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Bush IQ Greater Than Perceived

By Jason Vines

When President George W. Bush rode into Washington, D.C., in January, few people expected much from him. The left, with the help of a cooperative media, successfully ingrained into Americans' minds a perception of Bush as a rather stupid blunderhead who would botch domestic policies and bungle foreign affairs. Despite Bush's degree from Yale and MBA from Harvard, he supposedly lacked the intellectual capacity to handle rationally and competently such a complicated task as the American presidency.

In the three months since Bush assumed office, the President has done much to contradict the notion that he somehow lacks the mental ability to be Commander-in-Chief. Bush's performance during the recent confrontation with China proves the President is not the thickheaded dolt many people believe him to be. Within 11 days the new Chief Executive, by employing a diplomatic approach that was at the same time both firm and congenial, convinced the Chinese to release all 24 EP-3 crew members unharmed. The Chinese still hold the spy plane, but its crew arrived safely back on American soil in time to celebrate Easter.

On the other hand, America's last experience dealing with an Asian nation that had taken American soldiers prisoner was quite harrowing. In 1968, North Korea attacked the American espionage vessel Pueblo, which was operating in international waters at the time, and captured the ship's crew. The North Koreans tortured that crew for over a year while the United States sought the crew's release. Tensions with North Korea escalated so much that at one point, President Lyndon Baines Johnson considered asking Congress to declare war on the North Koreans if they did not return the crew. Military conflict did not result, but in order to persuade the North Koreans to release the American crew, American diplomats had to issue a fake apology on the part of the United States for the Pueblo's activities.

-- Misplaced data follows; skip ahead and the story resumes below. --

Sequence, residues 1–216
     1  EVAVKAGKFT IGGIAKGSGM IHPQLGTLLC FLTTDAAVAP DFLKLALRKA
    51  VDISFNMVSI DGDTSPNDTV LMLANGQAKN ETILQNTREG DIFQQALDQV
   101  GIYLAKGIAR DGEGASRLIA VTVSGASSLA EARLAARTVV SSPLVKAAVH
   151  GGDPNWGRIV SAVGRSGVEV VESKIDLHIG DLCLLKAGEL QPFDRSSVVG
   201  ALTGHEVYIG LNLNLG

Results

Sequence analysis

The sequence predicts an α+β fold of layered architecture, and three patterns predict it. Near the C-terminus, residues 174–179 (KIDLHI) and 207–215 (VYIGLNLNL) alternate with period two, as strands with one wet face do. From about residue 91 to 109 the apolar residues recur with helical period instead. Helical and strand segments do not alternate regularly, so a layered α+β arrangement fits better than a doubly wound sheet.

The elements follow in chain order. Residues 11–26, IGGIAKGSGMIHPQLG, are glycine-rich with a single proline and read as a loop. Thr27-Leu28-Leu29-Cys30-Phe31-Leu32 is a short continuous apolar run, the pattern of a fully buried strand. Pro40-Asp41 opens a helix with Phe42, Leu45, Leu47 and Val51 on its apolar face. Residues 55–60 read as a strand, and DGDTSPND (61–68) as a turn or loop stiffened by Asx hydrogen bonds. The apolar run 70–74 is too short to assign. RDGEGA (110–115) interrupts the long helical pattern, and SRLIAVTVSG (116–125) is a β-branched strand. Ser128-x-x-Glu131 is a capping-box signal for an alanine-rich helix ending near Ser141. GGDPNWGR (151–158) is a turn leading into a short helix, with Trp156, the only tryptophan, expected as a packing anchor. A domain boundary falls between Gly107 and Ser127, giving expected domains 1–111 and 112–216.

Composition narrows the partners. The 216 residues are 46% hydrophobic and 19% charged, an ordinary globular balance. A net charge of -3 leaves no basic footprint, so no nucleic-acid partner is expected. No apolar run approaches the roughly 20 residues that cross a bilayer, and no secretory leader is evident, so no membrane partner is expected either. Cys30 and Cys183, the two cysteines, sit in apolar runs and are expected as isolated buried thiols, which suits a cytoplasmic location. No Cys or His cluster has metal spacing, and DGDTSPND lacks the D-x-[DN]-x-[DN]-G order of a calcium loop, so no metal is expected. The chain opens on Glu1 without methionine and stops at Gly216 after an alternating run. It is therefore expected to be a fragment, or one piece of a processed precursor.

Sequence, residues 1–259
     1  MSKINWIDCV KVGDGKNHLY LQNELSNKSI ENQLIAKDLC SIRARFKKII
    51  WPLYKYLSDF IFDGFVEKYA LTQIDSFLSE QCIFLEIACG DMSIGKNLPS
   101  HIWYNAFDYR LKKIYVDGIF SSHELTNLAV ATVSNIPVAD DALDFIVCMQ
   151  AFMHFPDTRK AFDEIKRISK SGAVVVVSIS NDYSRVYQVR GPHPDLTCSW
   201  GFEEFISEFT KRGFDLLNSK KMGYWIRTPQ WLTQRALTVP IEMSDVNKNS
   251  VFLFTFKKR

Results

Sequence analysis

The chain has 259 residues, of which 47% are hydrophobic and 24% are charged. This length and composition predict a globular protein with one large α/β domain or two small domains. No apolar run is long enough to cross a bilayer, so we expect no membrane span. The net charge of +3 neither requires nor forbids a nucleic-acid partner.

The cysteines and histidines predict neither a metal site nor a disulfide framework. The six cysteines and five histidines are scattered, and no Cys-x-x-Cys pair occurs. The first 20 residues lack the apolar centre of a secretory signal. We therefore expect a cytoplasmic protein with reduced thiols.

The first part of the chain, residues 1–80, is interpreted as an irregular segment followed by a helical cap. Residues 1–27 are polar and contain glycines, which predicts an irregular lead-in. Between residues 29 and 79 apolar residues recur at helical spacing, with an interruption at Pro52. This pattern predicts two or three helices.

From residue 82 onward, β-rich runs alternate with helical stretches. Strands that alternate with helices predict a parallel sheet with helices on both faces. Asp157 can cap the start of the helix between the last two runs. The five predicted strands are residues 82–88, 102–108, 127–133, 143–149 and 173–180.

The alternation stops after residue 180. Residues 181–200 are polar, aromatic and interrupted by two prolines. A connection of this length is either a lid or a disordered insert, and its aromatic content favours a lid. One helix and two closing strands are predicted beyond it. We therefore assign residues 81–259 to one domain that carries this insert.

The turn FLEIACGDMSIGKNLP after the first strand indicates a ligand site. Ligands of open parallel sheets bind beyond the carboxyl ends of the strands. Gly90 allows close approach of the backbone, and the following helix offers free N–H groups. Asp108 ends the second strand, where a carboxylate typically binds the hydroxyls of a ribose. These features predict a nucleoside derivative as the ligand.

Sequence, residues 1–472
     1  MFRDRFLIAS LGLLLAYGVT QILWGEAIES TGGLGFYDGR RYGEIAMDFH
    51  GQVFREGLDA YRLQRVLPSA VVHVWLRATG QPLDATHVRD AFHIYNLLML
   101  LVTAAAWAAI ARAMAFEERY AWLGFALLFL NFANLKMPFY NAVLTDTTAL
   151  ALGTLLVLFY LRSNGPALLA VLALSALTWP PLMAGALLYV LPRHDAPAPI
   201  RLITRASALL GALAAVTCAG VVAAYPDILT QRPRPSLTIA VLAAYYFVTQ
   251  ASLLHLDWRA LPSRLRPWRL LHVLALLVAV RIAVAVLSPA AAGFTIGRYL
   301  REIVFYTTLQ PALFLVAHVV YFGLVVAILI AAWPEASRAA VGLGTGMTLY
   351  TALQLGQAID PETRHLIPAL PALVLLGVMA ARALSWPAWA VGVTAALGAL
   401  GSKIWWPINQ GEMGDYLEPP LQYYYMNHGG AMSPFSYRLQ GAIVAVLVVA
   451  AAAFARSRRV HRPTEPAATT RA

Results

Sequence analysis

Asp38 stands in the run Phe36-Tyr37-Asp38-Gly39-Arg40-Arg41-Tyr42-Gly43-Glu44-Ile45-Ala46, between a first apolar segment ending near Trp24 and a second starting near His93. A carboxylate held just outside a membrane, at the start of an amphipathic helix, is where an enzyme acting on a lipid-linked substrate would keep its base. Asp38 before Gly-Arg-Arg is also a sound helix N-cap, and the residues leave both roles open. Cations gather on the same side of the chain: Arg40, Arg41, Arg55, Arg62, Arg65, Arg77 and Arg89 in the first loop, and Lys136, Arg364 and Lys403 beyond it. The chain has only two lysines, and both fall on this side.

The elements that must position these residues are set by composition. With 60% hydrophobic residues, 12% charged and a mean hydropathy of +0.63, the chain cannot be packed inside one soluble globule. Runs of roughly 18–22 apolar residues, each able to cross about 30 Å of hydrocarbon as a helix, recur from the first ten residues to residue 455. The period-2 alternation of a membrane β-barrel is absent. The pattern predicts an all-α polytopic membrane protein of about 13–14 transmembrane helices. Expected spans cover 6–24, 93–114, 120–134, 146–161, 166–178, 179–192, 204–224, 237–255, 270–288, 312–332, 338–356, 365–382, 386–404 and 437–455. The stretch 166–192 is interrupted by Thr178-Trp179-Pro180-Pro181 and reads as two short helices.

When contrasting the recent Asian crisis with the crisis of 1968, the remarkable nature of President Bush's accomplishment becomes apparent. Bush secured the timely release of the EP-3 crew without making impetuous threats or issuing humiliating apologies. The President's excellent performance in resolving this crisis undercuts any argument that Bush is a boob who is ignorant of international affairs. (One can now make the assumption that assaulting someone with a surprise trivia quiz is not an accurate gauge of a person's intelligence and ability.)

President George W. Bush has achieved similar success on the domestic front. The House of Representatives approved a budget resolution supporting Bush's $1.6 trillion tax cut plan, and the Senate agreed in principle to a $1.3 trillion tax cut. None of those figures are final, but in all likelihood, Congress will definitely pass a tax cut of over $1 trillion. Both Republicans and Democrats seem to agree with the Reaganesque principle that tax cuts boost consumer spending and thusly improve the economy.

Given the conditions surrounding his ascension to the presidency, Bush should have had a very difficult time persuading Congress—especially that part of Congress composed of the opposing party—to go along with any portion of his legislative agenda. If Bush were less capable and intelligent a politician, the Democrats surely would have pounced on the opportunity to stymie Bush's plans. But Bush has dedicated himself to fulfilling his campaign pledge to bring bipartisan cooperation to Washington. The President has not allowed Democratic attacks to provoke him into lashing out at the left. The public likes Bush's friendly approach to politics, and the Democrats can't put up much of a fight without looking like cantankerous obstructionists impeding the legislative process (which is similar to how the public perceived Republicans during the 90's).

Has President Bush merely been the benefactor of "fool's luck" thus far? Will Bush's administration tumble like a disturbed house of cards after some future world crisis or political confrontation, as the Democrats proclaim it will? The answer to both questions is, not bloody likely. Bush exceeded all expectations when he defeated the popular government of Texas back in 1994; he exceeded all expectations when he competently presided over the state of Texas during his term; and he exceeded all expectations following his assumption of the presidency. Bush has shown that one would not be wise to underestimate him.